After 30 days of hospitalization, the patient was dismissed with a diagnosis of Parkinson’s disease, agoraphobia and associated panic attacks, social phobia, and psychologic factors affecting a physical condition. The depressive symptoms were thought to be attributable to the anxiety disorders or Parkinson’s disease.

Mental-health Resources

One way to understand anxiety is to consider anxiety as a normal emotion. In fact, it is a normal response when someone is truly in danger. For instance, pausing before you cross the road is a good thing. That pause allows you to be wise in a dangerous situation. When we are in danger, our brains and bodies react in a fight, flight or freeze response. We either want to run, become aggressive, or freeze. These are survival responses when we are in true danger. Yet, anxiety causes people to be in this state of high alert a lot of the time. In this way, it is like a fire alarm is going off in your mind and yet often there is no real danger.

In discerning a possible anxiety disorder from normal anxiety, consider the source of the worry and fear, and then reflect on whether your response and experience is proportional to it. For instance, it is natural to have some degree of anxiety about snakes and spiders — but for some people, the anxiety assumes such a large role in their lives that they may never go outside again. Other times, discerning between a possible anxiety disorder and normal anxiety is more quiet and subtle. It can involve excessive fears and worry that play over and over again in your mind, yet those fears are less visible in terms of your behavior. In this way, it is possible to suffer from an anxiety disorder in silence, with no one even really knowing the degree to which it affects your life.

Symptoms of anxiety include emotional symptoms such as feeling tense, feelings of dread, irritability and restlessness, and being watchful for any signs of danger. Physical symptoms include shortness of breath, feeling your heart racing, sweating, trembling, headaches, fatigue, nausea, and an upset stomach. Other symptoms include having trouble concentrating or thinking about anything other than the impending worry, having trouble sleeping, and having the urge to avoid things that trigger anxiety.

What causes anxiety?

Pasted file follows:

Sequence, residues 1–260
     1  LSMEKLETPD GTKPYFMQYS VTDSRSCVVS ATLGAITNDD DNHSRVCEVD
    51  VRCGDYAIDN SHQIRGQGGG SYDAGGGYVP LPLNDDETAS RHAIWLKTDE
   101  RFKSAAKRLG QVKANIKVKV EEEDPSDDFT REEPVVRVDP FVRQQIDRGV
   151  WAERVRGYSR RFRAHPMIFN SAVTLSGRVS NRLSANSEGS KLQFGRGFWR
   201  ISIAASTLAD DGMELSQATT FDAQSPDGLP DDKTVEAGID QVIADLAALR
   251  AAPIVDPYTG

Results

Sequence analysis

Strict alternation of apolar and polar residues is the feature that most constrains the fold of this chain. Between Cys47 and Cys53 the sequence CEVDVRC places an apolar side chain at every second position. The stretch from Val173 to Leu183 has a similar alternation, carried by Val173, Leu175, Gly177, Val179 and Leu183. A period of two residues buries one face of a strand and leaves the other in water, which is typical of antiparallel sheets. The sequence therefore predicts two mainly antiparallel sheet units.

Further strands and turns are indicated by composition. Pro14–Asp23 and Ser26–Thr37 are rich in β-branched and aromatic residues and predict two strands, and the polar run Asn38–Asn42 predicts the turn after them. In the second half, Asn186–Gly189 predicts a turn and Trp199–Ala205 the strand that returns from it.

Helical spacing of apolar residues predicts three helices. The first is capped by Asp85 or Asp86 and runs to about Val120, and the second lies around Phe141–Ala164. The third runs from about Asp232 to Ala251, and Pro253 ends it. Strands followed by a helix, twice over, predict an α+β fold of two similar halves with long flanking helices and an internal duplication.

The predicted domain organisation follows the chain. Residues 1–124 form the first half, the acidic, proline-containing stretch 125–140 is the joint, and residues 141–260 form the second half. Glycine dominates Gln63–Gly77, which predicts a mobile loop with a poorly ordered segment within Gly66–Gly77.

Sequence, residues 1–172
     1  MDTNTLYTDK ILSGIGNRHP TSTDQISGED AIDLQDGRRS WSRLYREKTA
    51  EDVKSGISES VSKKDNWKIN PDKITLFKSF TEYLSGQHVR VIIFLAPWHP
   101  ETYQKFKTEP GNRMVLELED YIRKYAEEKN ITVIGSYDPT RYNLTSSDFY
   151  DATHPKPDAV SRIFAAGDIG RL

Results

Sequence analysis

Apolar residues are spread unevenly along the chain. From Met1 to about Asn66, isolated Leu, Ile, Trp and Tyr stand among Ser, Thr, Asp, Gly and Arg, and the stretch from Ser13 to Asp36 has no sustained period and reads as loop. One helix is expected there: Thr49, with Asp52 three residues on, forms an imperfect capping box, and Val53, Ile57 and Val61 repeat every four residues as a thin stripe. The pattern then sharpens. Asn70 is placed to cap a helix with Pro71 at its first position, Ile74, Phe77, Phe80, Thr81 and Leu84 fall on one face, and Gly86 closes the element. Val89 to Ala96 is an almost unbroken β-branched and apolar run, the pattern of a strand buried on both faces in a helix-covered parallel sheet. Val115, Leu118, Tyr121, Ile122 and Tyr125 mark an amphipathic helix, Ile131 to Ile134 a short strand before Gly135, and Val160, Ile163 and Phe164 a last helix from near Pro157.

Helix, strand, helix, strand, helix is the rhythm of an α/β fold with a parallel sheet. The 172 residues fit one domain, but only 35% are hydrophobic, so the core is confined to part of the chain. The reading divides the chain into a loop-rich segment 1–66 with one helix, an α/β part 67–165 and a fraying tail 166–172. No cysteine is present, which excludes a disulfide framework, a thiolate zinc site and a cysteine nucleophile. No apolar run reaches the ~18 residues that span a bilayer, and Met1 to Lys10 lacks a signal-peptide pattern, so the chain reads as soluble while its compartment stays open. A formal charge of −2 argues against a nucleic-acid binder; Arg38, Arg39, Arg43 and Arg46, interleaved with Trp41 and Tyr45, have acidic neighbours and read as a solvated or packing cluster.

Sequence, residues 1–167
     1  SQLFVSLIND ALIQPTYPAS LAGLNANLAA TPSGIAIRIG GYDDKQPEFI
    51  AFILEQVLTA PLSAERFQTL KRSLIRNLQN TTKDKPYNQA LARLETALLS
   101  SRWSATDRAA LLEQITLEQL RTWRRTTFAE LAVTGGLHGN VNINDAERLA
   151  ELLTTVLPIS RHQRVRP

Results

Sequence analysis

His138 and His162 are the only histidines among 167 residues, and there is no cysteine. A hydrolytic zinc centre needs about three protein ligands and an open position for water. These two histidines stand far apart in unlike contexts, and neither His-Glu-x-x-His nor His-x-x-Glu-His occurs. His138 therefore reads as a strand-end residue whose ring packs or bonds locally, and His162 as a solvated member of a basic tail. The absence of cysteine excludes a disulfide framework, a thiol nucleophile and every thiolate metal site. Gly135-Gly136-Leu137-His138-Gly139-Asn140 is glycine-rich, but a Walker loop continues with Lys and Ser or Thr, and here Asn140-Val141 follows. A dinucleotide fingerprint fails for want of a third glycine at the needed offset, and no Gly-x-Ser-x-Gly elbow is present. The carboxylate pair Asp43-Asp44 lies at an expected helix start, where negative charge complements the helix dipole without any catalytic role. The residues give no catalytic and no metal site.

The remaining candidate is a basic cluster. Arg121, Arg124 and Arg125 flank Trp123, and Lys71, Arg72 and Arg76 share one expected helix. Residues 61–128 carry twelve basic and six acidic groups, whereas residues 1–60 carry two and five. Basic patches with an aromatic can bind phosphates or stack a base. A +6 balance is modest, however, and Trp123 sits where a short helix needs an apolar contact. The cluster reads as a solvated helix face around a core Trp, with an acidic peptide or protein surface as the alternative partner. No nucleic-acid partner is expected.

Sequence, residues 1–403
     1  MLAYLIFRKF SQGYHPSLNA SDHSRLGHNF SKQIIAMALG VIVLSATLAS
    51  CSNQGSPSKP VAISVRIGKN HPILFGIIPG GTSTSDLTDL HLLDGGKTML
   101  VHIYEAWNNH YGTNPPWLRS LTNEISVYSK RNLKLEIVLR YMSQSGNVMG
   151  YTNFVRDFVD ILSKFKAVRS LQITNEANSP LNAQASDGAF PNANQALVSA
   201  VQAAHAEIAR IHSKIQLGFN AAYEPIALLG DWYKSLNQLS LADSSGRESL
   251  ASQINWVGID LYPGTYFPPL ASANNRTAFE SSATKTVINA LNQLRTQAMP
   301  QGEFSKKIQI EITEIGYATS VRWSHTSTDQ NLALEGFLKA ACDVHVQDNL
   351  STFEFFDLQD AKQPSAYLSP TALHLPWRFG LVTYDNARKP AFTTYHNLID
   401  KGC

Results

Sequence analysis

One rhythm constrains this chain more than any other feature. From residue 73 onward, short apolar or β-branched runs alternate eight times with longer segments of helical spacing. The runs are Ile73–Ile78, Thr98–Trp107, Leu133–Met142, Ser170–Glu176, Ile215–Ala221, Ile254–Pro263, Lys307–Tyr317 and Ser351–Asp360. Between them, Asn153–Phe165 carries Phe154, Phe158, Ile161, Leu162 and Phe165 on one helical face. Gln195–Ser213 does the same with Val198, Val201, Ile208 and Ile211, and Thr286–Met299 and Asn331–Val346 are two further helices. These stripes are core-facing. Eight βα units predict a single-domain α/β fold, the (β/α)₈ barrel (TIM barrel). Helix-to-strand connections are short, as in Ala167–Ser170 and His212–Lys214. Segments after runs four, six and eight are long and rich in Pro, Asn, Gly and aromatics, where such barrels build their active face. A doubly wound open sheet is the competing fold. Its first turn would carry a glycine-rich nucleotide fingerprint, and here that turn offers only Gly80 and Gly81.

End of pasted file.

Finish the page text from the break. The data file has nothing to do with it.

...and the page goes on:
Anxiety is often caused by a multitude of factors. Many of these factors are interconnected, as our mind, emotions and body are all so integrally connected to one another. These factors include the following:

  • Environment: Stressful events, especially chronic stress or traumatic events, often lead to the development of an anxiety disorder. Unrelenting life stress activates stress hormones such as cortisol, leading to a state of high alert all the time. This high activation of stress hormones actually suppresses the immune system, which then can cause more stress and anxiety.

  • Brain chemistry: Many anxiety disorders involve disruptions to hormones and electrical signals in the brain. In addition, chronic stress and trauma alter brain structure and function in such a way that a person reacts strongly to various triggers that would not normally have caused anxiety.

  • Genetics: Studies support that anxiety may be more common in families when other relatives suffer from an anxiety disorder.

  • Medical factors: Other medical conditions may lead to the development of an anxiety disorder. This can be directly, for example through side effects of medication, or indirectly, through significant stress caused by a serious medical condition with significant pain and lifestyle adjustments.

  • Use of or withdrawal from an illicit substance: Substance use may trigger anxiety. Also, when someone is trying to quit using drugs or alcohol, they may find themselves experiencing a great deal of anxiety that might have been numbed and not felt as much while using substances.

What are the different types of anxiety?

The most common type of anxiety disorder is Generalized Anxiety Disorder (GAD) which causes chronic worry about everyday life. The worry is so significant that it may actually make it difficult for someone to concentrate and finish tasks. The worry is persistent and exhausting.

Several other types of adult anxiety disorders exist, including the following: